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This week, Iowa legislators moved a sports betting bill out of committee with an eye on voting on the measure soon.
The state’s Senate Ways and Means Committee gave the go-ahead for SF 366 keeping the bill alive for further debate inside the current legislative session.
The bill focuses on allowing bettors to make in-person wagers on sporting events at any of the state’s casinos and horse tracks.
What arose from the latest version of the bill that surprised gambling experts is that the state is going to allow third-party vendors to bid on creating partnerships with the state’s casinos.
This could create agreements much like how FanDuel and DraftKings have entered partnerships with casinos in states like New Jersey.
Another popular form of sports betting, online through an app, is also included on the bill which would allow residents to vote from anywhere inside the state’s boundaries.
The sports betting measure has been championed by Republican congressmen since the Supreme Court decision in 2018 that struck down Nevada’s monopoly.
Governor Kim Reynolds, also a Republican, has made no statement that would impede the bill from becoming law soon after the bill passes.
Although there are a few more mountains to climb for the bill to become law, Iowa is poised to become a state where sports betting is legal in the not-so-distant future.
Senate leaders in Iowa will bring the bill to the floor for debate, but experts believe that the measure will find a soft landing when a vote is finally called.
The state Senate will also have to decide how to spread the revenue from taxes that the bill brings in.
Some senators want the money to go toward educational programs while others feel that the money would be best served to enhance infrastructure within the state.
If the bill passes this session, that does not mean that Iowans should race down to their local casino to immediately start placing bets.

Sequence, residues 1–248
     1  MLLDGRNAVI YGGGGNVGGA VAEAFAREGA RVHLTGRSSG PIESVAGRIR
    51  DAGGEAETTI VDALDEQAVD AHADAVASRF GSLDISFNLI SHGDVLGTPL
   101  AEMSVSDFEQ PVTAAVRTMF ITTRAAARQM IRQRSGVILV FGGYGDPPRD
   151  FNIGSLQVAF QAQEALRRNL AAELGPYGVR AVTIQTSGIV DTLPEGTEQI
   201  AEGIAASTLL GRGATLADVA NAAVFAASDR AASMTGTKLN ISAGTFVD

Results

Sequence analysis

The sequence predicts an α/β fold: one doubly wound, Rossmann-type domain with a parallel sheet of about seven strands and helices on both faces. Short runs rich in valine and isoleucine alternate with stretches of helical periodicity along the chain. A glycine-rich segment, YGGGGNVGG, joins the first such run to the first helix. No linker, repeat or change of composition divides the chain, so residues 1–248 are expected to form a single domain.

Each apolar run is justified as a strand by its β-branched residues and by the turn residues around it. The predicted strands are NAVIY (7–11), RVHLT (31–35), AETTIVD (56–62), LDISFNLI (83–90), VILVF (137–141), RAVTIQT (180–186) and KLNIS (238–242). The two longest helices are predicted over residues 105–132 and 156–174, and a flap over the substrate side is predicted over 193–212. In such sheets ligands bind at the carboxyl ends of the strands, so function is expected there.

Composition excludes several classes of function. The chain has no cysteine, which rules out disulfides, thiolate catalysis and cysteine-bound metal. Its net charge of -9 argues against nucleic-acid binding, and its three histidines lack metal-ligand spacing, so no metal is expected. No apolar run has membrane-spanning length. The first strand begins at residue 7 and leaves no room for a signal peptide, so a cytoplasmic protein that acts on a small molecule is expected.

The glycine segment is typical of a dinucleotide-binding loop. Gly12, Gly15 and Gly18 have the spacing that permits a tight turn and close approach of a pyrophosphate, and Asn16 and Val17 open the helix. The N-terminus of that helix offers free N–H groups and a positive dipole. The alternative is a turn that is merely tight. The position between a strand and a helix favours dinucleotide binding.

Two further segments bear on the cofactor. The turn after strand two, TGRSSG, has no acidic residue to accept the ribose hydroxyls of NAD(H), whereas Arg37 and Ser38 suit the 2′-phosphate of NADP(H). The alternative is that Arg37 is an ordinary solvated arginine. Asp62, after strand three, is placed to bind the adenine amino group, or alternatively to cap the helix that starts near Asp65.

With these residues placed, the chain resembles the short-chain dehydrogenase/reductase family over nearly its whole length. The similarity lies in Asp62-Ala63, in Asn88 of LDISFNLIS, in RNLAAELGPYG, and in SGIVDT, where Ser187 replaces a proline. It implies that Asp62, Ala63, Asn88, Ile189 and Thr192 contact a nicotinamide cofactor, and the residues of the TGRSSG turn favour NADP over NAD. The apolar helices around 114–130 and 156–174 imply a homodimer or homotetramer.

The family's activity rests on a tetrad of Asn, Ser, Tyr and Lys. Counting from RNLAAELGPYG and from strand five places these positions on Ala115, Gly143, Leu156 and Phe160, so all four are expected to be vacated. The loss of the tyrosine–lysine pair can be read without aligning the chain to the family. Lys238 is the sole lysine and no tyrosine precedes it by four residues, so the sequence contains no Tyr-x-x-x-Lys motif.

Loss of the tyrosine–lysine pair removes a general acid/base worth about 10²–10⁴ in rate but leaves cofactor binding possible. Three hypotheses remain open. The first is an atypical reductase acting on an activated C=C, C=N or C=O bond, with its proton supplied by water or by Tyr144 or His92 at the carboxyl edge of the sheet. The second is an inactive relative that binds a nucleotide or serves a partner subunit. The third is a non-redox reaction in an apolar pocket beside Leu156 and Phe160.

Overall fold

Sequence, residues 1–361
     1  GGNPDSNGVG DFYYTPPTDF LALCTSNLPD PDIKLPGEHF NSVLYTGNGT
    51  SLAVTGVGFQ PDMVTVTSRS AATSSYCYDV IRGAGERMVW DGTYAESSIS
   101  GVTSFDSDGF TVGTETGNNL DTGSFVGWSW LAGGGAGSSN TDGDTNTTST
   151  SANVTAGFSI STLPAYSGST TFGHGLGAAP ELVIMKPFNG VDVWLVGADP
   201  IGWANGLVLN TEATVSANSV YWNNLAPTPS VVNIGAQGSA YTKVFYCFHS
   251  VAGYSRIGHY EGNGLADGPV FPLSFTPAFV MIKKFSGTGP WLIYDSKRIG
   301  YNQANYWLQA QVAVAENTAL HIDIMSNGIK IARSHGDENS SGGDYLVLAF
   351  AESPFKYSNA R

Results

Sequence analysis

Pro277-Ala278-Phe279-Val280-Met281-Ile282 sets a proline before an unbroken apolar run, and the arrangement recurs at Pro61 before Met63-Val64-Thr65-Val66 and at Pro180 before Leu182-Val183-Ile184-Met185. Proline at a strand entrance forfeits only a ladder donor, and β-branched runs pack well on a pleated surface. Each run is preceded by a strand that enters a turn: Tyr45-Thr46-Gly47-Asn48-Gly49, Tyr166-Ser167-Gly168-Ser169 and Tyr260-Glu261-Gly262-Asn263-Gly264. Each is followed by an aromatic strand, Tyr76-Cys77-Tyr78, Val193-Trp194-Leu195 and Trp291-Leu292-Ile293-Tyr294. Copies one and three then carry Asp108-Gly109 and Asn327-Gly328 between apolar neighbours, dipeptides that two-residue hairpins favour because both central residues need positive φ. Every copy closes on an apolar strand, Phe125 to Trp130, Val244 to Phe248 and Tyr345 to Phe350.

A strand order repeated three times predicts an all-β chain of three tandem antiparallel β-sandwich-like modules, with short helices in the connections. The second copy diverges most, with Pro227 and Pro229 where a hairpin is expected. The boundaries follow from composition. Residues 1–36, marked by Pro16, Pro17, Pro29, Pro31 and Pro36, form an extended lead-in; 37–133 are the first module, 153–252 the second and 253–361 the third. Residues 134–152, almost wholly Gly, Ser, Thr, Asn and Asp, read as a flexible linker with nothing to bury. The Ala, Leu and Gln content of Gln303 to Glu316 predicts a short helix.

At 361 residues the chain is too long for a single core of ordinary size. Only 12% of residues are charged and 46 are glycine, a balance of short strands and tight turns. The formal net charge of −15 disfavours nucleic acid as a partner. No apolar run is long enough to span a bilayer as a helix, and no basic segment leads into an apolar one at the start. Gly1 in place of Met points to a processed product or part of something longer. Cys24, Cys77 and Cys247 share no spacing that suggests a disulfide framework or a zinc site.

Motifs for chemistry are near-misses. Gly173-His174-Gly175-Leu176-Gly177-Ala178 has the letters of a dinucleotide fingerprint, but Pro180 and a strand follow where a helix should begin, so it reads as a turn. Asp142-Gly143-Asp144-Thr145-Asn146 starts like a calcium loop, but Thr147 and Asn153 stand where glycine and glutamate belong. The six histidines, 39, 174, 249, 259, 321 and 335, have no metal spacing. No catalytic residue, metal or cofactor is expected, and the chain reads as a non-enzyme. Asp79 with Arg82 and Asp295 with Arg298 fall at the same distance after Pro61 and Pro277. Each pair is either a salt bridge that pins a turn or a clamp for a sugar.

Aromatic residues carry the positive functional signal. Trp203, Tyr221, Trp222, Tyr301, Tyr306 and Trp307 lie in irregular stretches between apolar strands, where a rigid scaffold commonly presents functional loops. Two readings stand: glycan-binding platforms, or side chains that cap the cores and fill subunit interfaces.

The law will allow casinos and race tracks to begin the licensing application process as early as July of this year.
The application process will take several months before the state can approve licensing.
So, the best-case scenario for implementation of a sports betting law in Iowa would be earmarked for early 2020, perhaps in time for the NFL playoffs and Super Bowl.
Prairie Meadows Racetrack and Casino has already partnered with sportsbook operating company William Hill to build a state-of-the-art sportsbook on their premises.
“We are excited about the prospect of sports betting in Iowa and are thrilled to partner with Prairie Meadows to be ready for the day when sports betting is legal in the state,” said William Hill US CEO Joe Asher.
Prairie Meadows recently completed construction of an 8,600 square foot facility that will feature state-of-the-art technology including live betting, large high-definition screens and plenty of room for gamblers.
“Once the legislative process is complete, this innovative partnership will provide many fun and unique sports betting options for our guests,” said Brad Rhines, senior vice president and chief strategic officer of Prairie Meadows.
Until then, if you reside in New Jersey and want to place a bet on sports, you can do that here:
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